I’m working on a few more sample knits, so a lot of secret stuff that can’t be photographed. I did have a little break and sewed a few bags. I use these mostly for knitting projects. My son and daughter have a few that they use as storage. These are all different sizes because I was trying to use up remnants or match certain zippers. Years ago, I bought a large assortment of zippers from zipperstop on ebay. So far, it has had whatever I’ve needed.
I’m thinking of writing up a tutorial about using fat quarters for these bags. With two fat quarters, I can sew one large bag, two medium sized bags, or one bag with various little pouches or inner pockets. I try to cut up the fat quarter with no waste fabric. That’s the fun part, laying it out so there will not be any leftovers.
I really like knitting shawls. I really dislike blocking them. Sure, blocking makes them look 10x better. I just don’t enjoy crawling all over the floor, trying to thread the blocking wires, and the whole stretch-pin-stretch more-move pins thing. So, I usually leave completed shawls in a pile before I get around to blocking them. I would much rather spend my time starting a new project.
This pattern is Shetland Ruffles by Kieran Foley. This pattern looks great with self striping yarns. The yarn I used is String Theory Colorworks in the Entanglement base in the Beryllium color. I made the scarf narrower since I only had one skein of yarn. This was a fun project and I think I could knit this pattern more than once–very rare for me.
This shawl is Lotus Challenge by Xandy Peters. She comes up with incredible patterns that look like they should be colorwork, but aren’t. They’re done with stacked increases and decreases. This shawl is made out of Malabrigo Silky Merino. It’s a very soft yarn that’s great for garter shawls. I enjoyed knitting this shawl, but picking out colors was hard.
I will need to start some sample knits again soon, so I’ve been working on little biscornu projects to fill the time until then. These are from two french books. If you search for biscornu on amazon, they come up on the first page. In the charts for this first pattern, I found an error in one of the blocks. I think those 8 triangles took more time than the 4 squares. Not because they’re harder, but because I don’t really like making the same thing that many times. I kept stalling and not working on it.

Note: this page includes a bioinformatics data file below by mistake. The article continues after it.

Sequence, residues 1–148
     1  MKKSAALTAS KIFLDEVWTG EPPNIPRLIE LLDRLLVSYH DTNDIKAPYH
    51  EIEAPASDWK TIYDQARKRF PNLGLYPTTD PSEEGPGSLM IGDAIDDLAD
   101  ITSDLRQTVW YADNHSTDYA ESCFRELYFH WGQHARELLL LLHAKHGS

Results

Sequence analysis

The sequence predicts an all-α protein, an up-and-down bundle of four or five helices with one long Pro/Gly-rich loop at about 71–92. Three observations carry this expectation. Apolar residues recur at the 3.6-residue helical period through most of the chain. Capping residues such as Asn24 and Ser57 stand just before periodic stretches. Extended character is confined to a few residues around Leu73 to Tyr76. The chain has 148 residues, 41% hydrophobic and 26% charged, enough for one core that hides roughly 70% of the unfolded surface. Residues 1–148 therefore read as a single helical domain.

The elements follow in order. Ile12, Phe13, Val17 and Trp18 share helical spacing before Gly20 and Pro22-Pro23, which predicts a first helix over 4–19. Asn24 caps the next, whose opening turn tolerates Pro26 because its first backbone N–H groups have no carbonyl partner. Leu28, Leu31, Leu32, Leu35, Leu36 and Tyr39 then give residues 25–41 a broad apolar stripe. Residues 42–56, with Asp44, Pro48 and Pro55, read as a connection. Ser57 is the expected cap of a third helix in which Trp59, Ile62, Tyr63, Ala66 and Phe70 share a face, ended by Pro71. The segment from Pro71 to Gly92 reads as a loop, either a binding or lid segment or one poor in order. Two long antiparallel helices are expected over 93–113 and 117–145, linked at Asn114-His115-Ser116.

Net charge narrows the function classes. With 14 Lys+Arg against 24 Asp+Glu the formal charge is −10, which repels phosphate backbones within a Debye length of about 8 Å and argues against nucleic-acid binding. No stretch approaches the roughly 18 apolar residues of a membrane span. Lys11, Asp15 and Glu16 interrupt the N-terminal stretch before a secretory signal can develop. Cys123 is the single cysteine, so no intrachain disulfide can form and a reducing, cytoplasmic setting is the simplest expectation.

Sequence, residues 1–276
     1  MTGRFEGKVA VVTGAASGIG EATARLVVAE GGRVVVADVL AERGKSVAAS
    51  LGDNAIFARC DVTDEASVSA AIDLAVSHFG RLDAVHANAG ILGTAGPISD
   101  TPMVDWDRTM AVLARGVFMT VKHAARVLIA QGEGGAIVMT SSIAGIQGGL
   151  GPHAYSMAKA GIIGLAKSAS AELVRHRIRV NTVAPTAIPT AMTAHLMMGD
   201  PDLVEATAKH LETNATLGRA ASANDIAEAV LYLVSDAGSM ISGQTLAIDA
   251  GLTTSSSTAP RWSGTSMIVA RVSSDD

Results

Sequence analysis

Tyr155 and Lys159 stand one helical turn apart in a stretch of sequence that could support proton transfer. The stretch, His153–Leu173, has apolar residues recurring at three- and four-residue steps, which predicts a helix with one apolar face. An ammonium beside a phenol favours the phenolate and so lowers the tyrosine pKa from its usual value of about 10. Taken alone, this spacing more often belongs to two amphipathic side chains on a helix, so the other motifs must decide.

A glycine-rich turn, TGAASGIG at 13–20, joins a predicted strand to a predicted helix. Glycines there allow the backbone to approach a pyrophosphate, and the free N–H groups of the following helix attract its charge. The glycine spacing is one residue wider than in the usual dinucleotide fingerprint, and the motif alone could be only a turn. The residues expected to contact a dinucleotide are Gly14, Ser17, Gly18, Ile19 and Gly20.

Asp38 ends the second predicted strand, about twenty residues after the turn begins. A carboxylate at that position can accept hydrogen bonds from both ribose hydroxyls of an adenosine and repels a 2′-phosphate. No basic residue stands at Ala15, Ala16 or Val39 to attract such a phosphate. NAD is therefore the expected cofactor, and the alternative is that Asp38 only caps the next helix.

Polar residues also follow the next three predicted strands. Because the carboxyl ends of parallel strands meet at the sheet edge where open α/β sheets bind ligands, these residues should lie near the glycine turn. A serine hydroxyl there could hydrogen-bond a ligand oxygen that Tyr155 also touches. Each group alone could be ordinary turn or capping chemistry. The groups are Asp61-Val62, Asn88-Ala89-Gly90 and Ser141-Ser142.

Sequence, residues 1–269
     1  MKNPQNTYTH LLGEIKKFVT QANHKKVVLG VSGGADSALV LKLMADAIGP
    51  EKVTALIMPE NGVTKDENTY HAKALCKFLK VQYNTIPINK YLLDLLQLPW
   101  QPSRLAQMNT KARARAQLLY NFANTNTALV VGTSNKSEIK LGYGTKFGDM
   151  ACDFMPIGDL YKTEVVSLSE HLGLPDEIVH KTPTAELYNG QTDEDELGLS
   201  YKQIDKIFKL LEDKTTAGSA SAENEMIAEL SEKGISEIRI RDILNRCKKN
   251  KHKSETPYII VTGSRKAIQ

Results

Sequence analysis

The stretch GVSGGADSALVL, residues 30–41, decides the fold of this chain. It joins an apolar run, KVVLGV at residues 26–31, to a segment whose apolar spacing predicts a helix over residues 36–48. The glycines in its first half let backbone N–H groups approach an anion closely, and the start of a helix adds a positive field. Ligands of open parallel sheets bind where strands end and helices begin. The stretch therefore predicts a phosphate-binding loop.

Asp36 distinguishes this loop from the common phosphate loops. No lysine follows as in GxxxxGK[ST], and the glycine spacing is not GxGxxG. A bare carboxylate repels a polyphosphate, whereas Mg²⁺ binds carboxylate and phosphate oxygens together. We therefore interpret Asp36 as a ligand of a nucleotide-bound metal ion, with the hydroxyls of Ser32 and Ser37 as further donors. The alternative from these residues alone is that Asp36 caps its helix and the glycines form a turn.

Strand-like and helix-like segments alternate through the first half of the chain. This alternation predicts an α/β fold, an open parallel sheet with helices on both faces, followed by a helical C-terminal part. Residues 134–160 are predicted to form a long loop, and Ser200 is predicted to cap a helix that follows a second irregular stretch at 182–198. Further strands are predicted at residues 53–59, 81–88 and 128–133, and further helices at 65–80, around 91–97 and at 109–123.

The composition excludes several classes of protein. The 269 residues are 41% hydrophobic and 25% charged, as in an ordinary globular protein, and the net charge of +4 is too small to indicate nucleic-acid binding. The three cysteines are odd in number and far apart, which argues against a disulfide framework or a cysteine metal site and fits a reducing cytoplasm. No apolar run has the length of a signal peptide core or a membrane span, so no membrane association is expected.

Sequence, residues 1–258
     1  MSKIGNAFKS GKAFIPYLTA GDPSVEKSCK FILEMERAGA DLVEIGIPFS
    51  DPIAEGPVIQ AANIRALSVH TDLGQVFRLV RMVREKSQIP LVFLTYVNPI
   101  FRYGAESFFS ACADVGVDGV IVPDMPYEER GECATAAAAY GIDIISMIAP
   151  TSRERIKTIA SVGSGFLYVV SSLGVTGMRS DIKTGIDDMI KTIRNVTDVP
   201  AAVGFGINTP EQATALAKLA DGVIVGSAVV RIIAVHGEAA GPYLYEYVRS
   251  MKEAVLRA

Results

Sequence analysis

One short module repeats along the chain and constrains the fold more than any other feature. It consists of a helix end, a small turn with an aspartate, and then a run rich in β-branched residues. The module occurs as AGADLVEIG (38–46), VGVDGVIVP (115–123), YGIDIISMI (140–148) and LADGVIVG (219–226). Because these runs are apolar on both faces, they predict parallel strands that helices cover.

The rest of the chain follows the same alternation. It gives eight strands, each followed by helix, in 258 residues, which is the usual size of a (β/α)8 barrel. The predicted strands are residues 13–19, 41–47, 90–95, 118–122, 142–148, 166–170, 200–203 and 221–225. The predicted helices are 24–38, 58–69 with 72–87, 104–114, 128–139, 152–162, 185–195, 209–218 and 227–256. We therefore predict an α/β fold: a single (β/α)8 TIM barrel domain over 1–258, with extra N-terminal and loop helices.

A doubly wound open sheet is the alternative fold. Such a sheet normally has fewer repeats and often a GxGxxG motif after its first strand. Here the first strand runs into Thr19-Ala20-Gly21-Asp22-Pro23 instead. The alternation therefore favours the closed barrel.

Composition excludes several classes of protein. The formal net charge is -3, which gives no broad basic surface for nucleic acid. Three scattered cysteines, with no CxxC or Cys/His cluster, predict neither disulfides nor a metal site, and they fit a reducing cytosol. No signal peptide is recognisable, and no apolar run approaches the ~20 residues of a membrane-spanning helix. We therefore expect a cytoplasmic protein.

But the results are so cute! I thought about stuffing these with lavender. I changed my mind because I thought stuffing this with polyfil would make it hold it’s shape better. I’m not sure what to do with it. The first question my husband asked was, “What is it?” I don’t know. An ornament? Just a cute thing to hang somewhere.
This will be a regular biscornu. I decided to use my frame for this. I stitch faster when I can use both hands to stitch instead of having one hand hold the fabric. This is a remnant piece of Monaco evenweave. I plan on stitch as many biscornu squares on it that will fit and then cutting them apart.
After a marathon session of speed knitting, I knit 6 samples in 10 days. Phew! It was tough on my hands and arms. Knitting quickly for that many days in a row makes me feel muscles that I didn’t know were used for knitting. I think the most sore part was my left shoulder.
Now, I’m relaxing my knitting muscles by cross stitching. I learned about biscornus last year and found these two french books that have so many beautiful patterns. I started the girls a while ago, but got slowed down by all of the little half stitches. I’ve found that I’m not fond of color changes for one tiny stitch. I just started the blue and white last night. I plan on filling these with lavendar.
I was all set to knit a few lace scarves when I got an email to do a few sample knits. For my relatives, sample knitting is when I knit an item that will be photographed for a pattern (or book). It’s the official version of the knitted item. I like sample knitting. It lets me knit items without having to keep them. I already have an abundance of hand knit items. Those socks in the previous post have never been worn other than the time I needed to photographed them. I get to try yarns that are new to me. I even get to try techniques that I haven’t tried. In my own knitting, I tend to stay with my favorite cast-ons, cast-offs, ways of increasing, etc. With sample knitting, the item has to be knit exactly like the pattern states–no exceptions.
Sometimes, I get overwhelmed when trying to decide what to knit or what to design. Sample knitting is a way to knit without thinking. I just need to follow the instructions.
Since it’s been about 4 years since I’ve updated my old website, I decided to just take it down. It’s been about just as long since I’ve updated my old blog. I didn’t even bother to bring over those old posts.
The picture is all of the socks that I’ve ever designed and knit. The grouping on the right has a pattern that has been released. The sort of smaller grouping on the left doesn’t have a pattern, has a draft, or has an untested complete pattern. I’ve been reluctant to start designing anything else until I get caught up with these.
I’ve been distracted by other things. Cross stitching, quilting, and weaving are a few of the recent ones. Plus, I want to design other things.